We should regard the text as the only source of meaning, argued Wimsatt and Beardsley in 1946. The details of the author's life are extrinsic, irrelevant to the task of interpretation. “What does it matter who is speaking, someone said.” Michel Foucault said that Samuel Beckett said that, without really establishing why that mattered. Jean Genet, more than a half century ago, asked, in a preamble to The Blacks, “What is a black? First of all, what's his color?”
Recitative: “How You Sound”
In March of 2012, a mother contacted the administrators of George C. Marshall High School in Fairfax County, Virginia, with a complaint about one of her son’s teachers.
Among the readings for the graduate seminar in black philosophy and theory that my students and I completed not long ago were the collected writings of philosopher and artist Adrian Piper, in which, among so many other projects, she reproduces the calling card she had printed up for use in one of her on-going projects from the 1970s. Because Piper is, as we so deftly put it in America, a light-skinned black person, she has had the experience of being in a group of white people and hearing one of them tell a racist joke. She had cards printed up that she would present to the tellers of such jokes, cards that explained that she was in fact a black person and that she found the telling of the joke objectionable. This was not merely a personal campaign, you must understand, but was a sort of philosophical theater, for the presentation of the card was not simply a means to carry out a personal fight with racism.
[N.B. : My dear editors have pointed out a problem with my using this image for the commentary's header, which is to say that the black background obscures my name and the column's title. As someone who has lived with an obscure name lo these many years, I would have been willing to chance it, but in the interests of consistency of style across our Jackets I have replaced the banner with another. The image lives on here, however, hovering over all that shall soon follow.]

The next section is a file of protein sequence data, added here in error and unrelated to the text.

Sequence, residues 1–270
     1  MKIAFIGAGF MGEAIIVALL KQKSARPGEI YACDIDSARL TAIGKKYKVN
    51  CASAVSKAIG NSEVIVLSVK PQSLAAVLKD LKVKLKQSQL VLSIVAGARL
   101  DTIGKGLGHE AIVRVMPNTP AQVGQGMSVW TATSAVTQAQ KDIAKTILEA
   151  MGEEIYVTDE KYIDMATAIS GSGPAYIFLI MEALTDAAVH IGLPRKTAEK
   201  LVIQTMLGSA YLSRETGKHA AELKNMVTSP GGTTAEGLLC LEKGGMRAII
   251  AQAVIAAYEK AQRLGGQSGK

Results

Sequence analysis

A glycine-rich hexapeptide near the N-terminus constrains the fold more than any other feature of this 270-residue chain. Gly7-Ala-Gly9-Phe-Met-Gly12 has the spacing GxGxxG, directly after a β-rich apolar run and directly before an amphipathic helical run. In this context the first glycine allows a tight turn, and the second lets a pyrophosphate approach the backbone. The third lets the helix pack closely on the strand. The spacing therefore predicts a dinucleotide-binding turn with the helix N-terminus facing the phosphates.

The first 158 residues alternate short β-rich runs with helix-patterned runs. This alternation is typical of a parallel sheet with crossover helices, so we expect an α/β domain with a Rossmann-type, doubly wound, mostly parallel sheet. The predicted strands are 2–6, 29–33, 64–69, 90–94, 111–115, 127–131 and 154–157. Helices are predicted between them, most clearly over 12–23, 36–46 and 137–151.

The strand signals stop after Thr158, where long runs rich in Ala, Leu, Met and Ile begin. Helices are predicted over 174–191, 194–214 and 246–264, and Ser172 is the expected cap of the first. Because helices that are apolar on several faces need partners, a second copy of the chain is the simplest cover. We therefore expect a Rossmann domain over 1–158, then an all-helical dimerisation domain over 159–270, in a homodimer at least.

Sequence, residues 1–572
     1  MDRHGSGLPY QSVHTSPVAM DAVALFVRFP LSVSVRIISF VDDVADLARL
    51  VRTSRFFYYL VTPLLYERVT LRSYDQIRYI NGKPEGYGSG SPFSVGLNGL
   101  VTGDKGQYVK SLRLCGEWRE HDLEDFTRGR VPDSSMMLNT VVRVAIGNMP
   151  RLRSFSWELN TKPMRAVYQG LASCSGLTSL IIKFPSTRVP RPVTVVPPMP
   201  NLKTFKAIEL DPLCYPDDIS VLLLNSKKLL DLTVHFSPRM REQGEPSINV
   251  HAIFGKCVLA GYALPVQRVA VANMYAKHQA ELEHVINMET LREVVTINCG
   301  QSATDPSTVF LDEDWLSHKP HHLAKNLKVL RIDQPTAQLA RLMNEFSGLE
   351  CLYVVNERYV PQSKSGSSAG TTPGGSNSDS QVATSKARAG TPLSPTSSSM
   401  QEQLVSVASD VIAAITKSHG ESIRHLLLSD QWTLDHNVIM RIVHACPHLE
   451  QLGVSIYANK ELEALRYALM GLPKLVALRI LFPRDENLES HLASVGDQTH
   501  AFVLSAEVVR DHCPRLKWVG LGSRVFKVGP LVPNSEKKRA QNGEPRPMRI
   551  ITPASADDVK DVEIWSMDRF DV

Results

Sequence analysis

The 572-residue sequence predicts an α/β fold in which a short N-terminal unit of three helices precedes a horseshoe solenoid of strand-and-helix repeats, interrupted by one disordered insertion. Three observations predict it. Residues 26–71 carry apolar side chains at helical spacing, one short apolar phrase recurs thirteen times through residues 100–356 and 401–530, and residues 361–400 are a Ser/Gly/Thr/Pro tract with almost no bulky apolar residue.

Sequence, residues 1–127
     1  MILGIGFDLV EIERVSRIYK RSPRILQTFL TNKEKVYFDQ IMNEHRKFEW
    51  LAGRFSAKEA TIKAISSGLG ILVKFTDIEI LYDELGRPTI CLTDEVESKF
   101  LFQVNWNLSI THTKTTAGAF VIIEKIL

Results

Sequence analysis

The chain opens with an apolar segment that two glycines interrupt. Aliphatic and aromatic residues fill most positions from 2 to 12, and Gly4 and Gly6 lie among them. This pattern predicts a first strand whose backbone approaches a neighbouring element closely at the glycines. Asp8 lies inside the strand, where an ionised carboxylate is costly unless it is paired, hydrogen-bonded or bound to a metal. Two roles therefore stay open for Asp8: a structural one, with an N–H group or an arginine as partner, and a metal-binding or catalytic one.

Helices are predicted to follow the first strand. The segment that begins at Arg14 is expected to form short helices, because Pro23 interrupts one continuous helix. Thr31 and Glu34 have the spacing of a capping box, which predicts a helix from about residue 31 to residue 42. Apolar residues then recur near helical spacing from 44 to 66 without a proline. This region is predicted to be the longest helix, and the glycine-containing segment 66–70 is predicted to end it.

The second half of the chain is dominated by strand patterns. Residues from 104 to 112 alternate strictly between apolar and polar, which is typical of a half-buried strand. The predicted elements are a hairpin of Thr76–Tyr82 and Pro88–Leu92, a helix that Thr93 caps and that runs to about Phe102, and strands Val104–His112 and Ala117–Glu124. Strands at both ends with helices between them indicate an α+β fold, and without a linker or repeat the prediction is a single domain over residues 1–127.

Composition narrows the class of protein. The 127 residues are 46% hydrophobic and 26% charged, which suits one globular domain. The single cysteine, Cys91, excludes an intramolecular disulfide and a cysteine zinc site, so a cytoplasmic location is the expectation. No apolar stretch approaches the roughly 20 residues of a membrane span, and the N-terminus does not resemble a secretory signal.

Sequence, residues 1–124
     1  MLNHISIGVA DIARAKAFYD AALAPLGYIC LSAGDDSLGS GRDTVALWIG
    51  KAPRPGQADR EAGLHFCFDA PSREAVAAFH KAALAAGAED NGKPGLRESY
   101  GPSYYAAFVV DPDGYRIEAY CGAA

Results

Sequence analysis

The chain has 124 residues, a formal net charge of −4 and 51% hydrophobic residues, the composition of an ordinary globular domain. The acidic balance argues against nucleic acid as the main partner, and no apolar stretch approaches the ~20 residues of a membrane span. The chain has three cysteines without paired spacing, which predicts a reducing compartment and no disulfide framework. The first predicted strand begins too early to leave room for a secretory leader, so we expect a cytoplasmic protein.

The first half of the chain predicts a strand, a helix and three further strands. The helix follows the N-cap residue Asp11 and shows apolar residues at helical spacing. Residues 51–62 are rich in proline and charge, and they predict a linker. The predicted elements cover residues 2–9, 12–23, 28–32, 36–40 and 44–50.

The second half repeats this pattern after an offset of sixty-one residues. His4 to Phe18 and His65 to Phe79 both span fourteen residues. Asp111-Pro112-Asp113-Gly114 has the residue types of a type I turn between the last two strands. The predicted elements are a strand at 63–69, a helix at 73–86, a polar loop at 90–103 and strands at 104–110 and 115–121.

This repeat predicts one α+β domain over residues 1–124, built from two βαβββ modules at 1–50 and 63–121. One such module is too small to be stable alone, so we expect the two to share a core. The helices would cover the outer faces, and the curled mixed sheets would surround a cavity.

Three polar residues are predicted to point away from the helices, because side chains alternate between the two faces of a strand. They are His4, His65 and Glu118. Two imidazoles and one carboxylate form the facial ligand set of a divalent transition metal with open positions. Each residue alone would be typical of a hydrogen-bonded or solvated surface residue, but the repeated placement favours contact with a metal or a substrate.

I’m going to start simply by telling the story of this image.
Anna Everett was a young woman from Washington, D.C., who moved to Buffalo, N.Y., in the early 1970s to live with relatives while finishing her high school education. As a new student, she was sent to Lafayette High School, which was only then being integrated. If you’ve read about the integration and bussing battles of that era, you can well imagine the challenges she faced. There weren't attacks on school buses by angry mobs as in Boston, but there were groups of white parents picketing the approach to the school and making it abundantly clear to the small group of black students that they were not welcomed by all. With all deliberate speed, Everett set about making her mark at Lafayette.